Our cultural festivals strengthen the roots of our traditions and heritage. Then why can’t our ways of celebrating them fortify our relationship with mother nature? A similar change was seen today when many Indians across the globe chose to celebrate Raksha Bandhan with green rakhis. We aren’t talking about the hue, but rakhis that grow into plants and add to the green cover. Wondering how? Read on!
Raksha Bandhan, a Hindu festival, revolves around a sacred thread, which a sister ties on her brother’s wrist. It is a symbol of a promise by a brother to protect her sister. Over the years, like many other festive products, rakhis got fancier by including stones, glitters, plastic, chemical colors and other harmful materials. Post celebration, most of these rakhis add to the solid waste soiling the landfills. It is estimated that every year about 60 crore Indians celebrate Raksha Bandhan. It leads to around 620 million rakhis getting dumped as waste that never decomposes and produces closely 1.18billion tons of CO2.
On the brighter side, this one has a sustainable solution.
Seed Rakhi pioneered the change in India. As the name suggests, it introduced rakhis containing seeds and made with eco-friendly raw materials. When sown, these rakhis grow into plants. The organization has won several accolades for its green innovation. Nitin Jain, Inventor, Seed Rakhi and CEO, Indibni Group, in an exclusive interview with Wiyld, spoke in length about sustainable rakhis.
How did the idea of seed rakhi germinate?
Hailing from a joint family, every year, Raksha Bandhan means a wrist full of rakhis. While the pure thread ones are wearable for a longer time, the fancier ones are irritant to the skin ending up in the bins. It was a personal pain point. I thought, why not transform this bond between siblings into something which literally grows. It would also reduce our carbon footprints.
What is the core thought behind it?
It is all about reducing the non-organic products we are consuming as a part of a celebration.
We are not here to make profits. Whatever we earn goes back to the development of the community. We start with the cultivation of organic cotton. Weave the same and dye them with organic colors. Even the packaging is entirely sustainable.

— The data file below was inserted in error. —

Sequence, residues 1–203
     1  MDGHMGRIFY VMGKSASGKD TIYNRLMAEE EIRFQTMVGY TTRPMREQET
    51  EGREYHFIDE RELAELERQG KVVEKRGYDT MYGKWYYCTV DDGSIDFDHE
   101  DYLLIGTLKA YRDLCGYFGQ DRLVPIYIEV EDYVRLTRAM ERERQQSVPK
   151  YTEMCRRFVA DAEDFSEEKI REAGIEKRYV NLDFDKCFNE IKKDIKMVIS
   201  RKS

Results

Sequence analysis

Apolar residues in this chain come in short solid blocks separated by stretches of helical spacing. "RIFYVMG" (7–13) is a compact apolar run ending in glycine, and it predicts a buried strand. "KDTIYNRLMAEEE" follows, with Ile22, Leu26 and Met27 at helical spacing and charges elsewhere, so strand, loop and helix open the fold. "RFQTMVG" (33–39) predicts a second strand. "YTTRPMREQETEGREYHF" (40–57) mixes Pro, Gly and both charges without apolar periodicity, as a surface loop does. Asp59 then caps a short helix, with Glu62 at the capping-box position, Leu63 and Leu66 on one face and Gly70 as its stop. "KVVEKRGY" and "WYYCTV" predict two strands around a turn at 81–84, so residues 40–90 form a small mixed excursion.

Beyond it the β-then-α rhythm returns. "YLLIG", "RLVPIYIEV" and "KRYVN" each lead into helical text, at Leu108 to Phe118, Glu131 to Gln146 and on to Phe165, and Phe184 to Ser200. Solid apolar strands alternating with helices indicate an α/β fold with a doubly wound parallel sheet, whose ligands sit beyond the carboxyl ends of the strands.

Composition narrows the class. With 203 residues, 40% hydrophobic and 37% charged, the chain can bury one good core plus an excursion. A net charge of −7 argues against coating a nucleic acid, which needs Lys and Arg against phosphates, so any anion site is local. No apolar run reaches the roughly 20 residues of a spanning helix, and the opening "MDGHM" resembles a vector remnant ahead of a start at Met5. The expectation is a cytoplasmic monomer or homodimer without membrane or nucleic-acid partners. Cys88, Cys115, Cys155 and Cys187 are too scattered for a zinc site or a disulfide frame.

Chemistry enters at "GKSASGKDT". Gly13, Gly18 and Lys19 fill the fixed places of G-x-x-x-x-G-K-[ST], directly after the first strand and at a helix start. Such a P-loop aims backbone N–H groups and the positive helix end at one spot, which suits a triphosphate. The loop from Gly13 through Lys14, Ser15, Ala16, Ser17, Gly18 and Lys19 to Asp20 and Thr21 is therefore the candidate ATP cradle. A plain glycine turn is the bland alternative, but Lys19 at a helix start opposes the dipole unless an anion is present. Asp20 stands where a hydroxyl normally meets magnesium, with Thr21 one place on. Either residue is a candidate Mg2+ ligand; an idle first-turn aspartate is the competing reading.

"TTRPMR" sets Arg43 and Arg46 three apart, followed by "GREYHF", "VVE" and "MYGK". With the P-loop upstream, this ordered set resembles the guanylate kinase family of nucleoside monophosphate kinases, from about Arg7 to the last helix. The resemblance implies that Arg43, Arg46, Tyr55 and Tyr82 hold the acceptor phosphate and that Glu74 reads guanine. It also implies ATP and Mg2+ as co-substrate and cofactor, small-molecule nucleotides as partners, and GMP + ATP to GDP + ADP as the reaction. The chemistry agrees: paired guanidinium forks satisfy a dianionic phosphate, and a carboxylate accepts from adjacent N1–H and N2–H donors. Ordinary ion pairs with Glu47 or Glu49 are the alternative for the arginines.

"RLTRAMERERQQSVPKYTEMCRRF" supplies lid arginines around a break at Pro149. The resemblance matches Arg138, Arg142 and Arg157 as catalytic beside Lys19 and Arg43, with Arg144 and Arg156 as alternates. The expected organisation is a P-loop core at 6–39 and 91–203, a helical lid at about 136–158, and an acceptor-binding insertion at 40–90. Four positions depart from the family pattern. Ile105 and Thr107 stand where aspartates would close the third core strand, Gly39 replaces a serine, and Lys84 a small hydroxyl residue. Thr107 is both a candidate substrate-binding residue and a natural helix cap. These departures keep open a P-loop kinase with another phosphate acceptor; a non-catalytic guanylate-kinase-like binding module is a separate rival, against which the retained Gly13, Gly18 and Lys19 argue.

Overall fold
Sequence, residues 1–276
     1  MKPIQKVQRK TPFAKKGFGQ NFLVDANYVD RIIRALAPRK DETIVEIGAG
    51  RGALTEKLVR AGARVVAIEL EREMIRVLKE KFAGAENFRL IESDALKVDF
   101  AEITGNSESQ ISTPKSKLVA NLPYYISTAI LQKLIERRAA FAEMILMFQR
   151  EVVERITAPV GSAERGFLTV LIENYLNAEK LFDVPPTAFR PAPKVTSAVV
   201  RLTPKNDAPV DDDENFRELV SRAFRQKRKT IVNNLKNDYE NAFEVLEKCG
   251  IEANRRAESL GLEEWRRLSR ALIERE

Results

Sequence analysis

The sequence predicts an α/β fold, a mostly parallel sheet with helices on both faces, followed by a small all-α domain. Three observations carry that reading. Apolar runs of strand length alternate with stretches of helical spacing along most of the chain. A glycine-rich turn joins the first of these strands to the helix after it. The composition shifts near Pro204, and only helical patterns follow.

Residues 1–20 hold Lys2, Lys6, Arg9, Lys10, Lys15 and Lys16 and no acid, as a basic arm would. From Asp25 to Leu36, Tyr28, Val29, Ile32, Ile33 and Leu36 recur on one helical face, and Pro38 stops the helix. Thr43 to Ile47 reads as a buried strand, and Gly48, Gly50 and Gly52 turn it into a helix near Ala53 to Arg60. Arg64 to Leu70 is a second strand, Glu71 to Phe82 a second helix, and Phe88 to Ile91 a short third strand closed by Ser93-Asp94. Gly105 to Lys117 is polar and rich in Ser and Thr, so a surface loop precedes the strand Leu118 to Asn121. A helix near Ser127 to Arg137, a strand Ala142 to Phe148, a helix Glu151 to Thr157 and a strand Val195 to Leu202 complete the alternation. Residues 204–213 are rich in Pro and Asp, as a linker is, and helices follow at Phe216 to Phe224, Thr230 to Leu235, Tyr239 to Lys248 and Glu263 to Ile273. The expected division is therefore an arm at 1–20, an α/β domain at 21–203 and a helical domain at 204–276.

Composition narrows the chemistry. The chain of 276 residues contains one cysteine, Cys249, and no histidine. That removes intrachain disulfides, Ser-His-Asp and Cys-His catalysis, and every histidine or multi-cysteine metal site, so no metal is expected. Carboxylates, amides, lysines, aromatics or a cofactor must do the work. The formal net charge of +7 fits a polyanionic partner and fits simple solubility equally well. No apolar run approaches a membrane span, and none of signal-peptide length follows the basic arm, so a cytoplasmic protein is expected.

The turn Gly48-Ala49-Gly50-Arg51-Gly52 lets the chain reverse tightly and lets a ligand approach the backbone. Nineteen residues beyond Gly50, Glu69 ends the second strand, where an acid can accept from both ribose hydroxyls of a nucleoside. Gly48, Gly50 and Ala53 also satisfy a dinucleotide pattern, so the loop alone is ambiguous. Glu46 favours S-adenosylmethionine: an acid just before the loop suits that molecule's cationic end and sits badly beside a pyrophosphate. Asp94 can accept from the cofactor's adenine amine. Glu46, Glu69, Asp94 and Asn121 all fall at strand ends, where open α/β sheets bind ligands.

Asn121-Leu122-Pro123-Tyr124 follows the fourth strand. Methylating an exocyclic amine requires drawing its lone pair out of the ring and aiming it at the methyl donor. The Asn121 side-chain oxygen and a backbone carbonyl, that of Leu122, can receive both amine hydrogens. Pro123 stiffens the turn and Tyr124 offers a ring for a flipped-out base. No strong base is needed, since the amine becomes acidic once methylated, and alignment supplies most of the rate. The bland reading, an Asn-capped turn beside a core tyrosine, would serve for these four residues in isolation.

How do you select the seeds for these rakhis?
After thorough research, seeds are selected which can grow in almost any environment and climatic condition. A few preferred seeds are amaltas, sunflower, papaya, rice or basil. These rakhis (seeds) have a shelf life of three months.
How to treat the seed rakhis post use?
They are handcrafted and made from naturally dyed cotton, and a plant seed is fabricated on them. It comes with a kit containing coir planter and manure, helping the user to plant it. Otherwise, the rakhis can be sown anywhere.
Can anyone make seed rakhis at home? Your take on knowledge sharing?
We have been running camps, workshops and videos tutorials to teach people how to make seed rakhis. We are actively associated with schools and have conducted several offline and online workshops.
So, the idea isn’t merely about buying our rakhi but creating your own green rakhi. If the right message about any festive celebration is conveyed to the kids, it makes an entire generation of environment enthusiasts. They become the flag bearers of a sustainable world.
How has been the global response?
A lot of penetration from the Indian diaspora has been taking place. However, there is a shipping cost involved when it needs to reach overseas. Meanwhile, there are also many orders from different parts of the world asking for delivering our seed rakhis within India.
Are you offering anything new this year?
We have created DIY kits. The main focus is on creating something healthier for your sibling and mother nature. The greater purpose behind it is to turn it into a way of life. Our campaign #Beejbotehai2021 sensitises people to switch to sustainable products as a habit.